There are four salary levels for secretaries general, ranging from just over €230,000 to close to €300,000.

There are other Civil Service roles on similar pay such as the chair of the Revenue Commissioners, director general of the Attorney General’s office, the Chief State Solicitor and the Director of Public Prosecutions.

Contrary to a possible view that these so-called top mandarins attended private schools, many were educated in public schools. Two were actually in the same class in one Christian Brothers school. Some studied for college degrees at night or later in their careers.

A minority previously worked in the private sector. The Top Level Appointments Committee (TLAC), which recommends candidates for the three Civil Service highest posts, has identified a drop-off in applications from outside the public system in recent years.

Conor Brady, who was a member and later chair of TLAC up to 2022 (as well as a former editor of The Irish Times), says that there has been a trend of more men applying for posts but of more women ultimately being recommended for roles.

He drew attention to the need for more appointments from different ethnic backgrounds.

The TLAC report for 2021 says bluntly: “There is still no ethnic diversity in the pool of candidates currently coming to preliminary and final interview stage, notwithstanding an increasingly varied ethnic intake into the workforce. It is desirable that the composition of the Civil Service should broadly reflect the ethnic make-up of the community.”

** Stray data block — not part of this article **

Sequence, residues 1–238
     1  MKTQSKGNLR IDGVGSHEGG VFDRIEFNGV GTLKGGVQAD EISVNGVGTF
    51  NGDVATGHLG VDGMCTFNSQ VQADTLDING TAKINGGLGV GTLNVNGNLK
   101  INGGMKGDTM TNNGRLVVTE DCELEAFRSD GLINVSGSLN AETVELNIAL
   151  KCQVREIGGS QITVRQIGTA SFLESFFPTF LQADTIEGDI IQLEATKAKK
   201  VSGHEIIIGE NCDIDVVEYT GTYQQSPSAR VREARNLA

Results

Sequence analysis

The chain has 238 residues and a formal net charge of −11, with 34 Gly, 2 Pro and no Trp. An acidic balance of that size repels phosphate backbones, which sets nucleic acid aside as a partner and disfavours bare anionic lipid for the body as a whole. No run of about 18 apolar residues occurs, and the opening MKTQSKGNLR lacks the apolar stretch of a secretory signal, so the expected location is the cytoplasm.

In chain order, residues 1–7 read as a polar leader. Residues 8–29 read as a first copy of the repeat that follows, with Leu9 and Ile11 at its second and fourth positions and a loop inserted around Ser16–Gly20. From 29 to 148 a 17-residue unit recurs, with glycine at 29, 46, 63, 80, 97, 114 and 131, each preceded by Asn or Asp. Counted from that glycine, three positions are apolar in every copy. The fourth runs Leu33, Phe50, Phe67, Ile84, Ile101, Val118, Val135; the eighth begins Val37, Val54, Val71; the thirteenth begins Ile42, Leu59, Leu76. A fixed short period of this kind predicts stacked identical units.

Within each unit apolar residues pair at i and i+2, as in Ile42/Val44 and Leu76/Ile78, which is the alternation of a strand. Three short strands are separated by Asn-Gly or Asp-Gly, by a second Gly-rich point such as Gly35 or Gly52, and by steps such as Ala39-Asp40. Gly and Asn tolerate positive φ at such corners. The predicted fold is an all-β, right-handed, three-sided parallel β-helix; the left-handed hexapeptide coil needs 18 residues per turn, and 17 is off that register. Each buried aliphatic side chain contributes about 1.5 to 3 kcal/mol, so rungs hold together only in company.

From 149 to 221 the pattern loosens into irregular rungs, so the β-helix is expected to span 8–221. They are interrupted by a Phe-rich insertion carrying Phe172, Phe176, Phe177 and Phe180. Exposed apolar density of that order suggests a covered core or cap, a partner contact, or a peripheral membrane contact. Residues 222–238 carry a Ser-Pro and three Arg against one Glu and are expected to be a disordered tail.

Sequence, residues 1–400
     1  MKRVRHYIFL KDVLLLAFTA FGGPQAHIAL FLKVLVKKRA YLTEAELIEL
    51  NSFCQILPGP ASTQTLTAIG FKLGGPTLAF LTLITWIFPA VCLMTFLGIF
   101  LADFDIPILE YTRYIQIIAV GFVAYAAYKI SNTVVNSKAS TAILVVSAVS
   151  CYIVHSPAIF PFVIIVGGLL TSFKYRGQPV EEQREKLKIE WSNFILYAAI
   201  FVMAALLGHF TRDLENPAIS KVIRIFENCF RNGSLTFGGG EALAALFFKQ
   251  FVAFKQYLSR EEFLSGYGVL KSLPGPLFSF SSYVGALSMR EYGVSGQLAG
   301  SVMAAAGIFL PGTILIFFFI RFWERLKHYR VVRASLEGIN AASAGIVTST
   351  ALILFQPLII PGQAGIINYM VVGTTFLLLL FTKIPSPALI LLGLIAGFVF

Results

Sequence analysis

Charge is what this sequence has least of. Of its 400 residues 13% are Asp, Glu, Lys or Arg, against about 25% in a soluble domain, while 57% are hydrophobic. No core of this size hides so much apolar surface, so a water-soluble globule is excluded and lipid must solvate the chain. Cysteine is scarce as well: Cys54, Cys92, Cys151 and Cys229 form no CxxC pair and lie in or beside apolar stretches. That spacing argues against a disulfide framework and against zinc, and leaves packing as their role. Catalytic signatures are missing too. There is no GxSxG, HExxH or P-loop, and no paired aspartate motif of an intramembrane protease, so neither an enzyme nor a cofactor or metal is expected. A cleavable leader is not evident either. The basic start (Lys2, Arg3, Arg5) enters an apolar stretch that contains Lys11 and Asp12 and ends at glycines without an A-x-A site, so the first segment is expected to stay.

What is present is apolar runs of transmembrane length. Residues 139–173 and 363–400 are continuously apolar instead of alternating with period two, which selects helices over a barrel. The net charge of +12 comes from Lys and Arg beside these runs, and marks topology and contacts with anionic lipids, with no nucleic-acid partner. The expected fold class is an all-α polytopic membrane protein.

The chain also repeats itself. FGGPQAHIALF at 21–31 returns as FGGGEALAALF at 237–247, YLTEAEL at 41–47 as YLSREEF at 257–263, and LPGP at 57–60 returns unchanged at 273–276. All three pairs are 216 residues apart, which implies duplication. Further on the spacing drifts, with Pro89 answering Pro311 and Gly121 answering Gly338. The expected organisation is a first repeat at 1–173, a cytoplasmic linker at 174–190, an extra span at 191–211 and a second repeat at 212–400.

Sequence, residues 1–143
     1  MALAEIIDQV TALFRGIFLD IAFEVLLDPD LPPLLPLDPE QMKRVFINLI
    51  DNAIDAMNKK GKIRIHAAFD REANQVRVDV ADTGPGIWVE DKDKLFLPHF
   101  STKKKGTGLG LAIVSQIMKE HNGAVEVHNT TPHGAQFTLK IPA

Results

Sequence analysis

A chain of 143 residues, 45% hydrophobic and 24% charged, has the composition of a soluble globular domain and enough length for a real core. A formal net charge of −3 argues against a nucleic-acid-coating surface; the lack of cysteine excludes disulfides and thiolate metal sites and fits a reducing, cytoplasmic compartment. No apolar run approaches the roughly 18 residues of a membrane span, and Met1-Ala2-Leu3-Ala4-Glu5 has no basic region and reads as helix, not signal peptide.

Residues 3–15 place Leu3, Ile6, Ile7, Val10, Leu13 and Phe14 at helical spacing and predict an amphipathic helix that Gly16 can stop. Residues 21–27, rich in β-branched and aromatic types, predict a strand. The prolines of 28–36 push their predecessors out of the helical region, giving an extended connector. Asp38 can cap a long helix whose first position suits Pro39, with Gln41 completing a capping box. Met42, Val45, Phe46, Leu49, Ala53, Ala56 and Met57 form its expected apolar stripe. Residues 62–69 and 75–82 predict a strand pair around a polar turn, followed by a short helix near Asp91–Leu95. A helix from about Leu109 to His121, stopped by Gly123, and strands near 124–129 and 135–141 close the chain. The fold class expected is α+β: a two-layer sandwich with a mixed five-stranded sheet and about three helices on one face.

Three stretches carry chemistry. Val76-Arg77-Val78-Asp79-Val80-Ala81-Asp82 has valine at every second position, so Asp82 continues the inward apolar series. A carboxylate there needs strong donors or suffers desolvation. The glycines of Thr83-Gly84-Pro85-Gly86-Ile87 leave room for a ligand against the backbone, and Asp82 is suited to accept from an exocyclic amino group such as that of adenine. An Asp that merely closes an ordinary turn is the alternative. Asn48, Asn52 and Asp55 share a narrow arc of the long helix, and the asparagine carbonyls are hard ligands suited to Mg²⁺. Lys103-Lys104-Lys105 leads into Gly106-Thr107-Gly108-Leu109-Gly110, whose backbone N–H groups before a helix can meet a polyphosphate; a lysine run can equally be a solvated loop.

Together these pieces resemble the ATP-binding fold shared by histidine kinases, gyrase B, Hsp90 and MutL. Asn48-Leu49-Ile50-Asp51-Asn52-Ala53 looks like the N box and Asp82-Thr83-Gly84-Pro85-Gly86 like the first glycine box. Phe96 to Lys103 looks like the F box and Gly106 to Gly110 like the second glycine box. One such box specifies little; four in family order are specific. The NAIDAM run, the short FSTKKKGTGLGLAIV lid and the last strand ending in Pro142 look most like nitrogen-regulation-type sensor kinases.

Pension arrangements were reformed in 2011 amid controversy over lucrative retirement packages.

The then minister for public expenditure Brendan Howlin said in future there would be no added years for pension purposes and pensions would not be paid before minimum retirement age.

In July 2012, Howlin gave the Dáil a list of senior officials then in place for whom the previous and more beneficial terms would still apply.

Included on Howlin’s list were Robert Watt, who is now running the Department of Health, and Martin Fraser, who is Ireland’s ambassador in London.

The Department of Public Expenditure refused to comment on whether the terms were still in place in light of the two men’s more recent appointments.

While the pay and pensions may seem attractive, there is unease over some issues. The Irish Times understands that some serving senior civil servants believe the Government proposal for secretaries general to revert to assistant secretary level on completion of their term is not feasible.

Another issue is the prospect of their pension pots attracting a large tax bill if the pots exceed the current €2 million limit to qualify for tax relief. The Government is reviewing these rules.

Scrutiny by both media and politicians is also an issue for some top officials.

Some argue that whereas senior figures in the private sector involved in controversies are dealt with in private, top civil servants have to go before politicians in Oireachtas committees in full public view.

It is at these moments that their largely private backroom work is cast into a very public spotlight.